How does OPEC change the oil price?
OPEC aims to change the price of oil by adjusting supply volumes. If its members want to increase the price of oil, they can revise their production quotas downwards to limit supply. Alternatively, if they want to reduce the price of oil, they can raise their production quotas to increase supply. Assuming demand remains constant, the price of oil will move in the intended direction.
Other major producers also sometimes attend OPEC meetings as non-voting observers to coordinate production levels. For example, in January 2017, several non-members agreed to collude with OPEC to reduce oil production, with further cuts agreed in December 2018.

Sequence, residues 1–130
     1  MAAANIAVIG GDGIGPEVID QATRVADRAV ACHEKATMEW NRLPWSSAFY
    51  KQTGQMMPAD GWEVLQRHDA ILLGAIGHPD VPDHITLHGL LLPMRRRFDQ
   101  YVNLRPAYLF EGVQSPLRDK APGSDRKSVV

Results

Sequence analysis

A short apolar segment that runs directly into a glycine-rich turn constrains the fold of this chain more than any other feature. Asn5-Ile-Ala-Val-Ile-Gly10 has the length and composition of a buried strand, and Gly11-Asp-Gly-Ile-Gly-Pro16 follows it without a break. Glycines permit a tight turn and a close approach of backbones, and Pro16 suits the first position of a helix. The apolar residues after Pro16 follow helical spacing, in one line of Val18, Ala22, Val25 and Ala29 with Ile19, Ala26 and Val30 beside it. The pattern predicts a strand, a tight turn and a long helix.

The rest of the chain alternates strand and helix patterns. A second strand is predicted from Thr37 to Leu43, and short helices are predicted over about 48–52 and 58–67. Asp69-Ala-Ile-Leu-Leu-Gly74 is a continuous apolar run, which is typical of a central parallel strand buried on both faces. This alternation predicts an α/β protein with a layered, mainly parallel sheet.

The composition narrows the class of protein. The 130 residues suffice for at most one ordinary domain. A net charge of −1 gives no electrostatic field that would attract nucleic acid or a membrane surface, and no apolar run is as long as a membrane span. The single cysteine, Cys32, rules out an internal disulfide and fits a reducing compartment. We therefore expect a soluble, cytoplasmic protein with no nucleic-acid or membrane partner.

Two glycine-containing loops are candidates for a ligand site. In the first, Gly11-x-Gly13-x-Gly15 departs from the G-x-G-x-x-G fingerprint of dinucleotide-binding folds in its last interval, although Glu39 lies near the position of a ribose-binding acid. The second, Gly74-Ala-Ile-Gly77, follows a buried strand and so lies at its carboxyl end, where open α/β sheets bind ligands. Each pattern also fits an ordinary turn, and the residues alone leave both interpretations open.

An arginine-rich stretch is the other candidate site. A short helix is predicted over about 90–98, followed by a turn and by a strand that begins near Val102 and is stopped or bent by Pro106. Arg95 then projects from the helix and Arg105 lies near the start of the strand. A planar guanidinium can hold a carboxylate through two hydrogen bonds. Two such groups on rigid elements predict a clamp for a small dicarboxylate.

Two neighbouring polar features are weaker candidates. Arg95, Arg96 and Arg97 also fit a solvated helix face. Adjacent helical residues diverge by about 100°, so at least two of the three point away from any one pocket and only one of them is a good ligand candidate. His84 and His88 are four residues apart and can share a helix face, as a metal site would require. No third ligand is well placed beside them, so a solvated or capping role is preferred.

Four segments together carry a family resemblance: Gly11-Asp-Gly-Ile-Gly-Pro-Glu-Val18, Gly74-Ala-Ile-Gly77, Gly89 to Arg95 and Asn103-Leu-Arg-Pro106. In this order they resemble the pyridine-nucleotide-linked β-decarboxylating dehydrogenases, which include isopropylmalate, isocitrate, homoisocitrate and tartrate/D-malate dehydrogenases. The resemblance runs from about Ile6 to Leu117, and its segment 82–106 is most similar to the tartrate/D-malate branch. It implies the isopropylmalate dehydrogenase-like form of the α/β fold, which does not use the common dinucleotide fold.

However, OPEC’s ability to regulate oil prices has subsided this decade due to shifts in global supply and demand. The US has increased domestic shale oil production in recent years, reducing demand for OPEC-produced oil. This has put downward pressure on global prices, even as Chinese consumption has rocketed. However, there have still been occasional short-term price spikes as a result of global crises (eg the Arab Spring in 2011), as uncertainty surrounding future supply drives surges in demand.
Traders may therefore wish to consider other economic data and news sources, in addition to the latest OPEC quotas, before speculating on oil prices.
Find out more on what affects oil prices.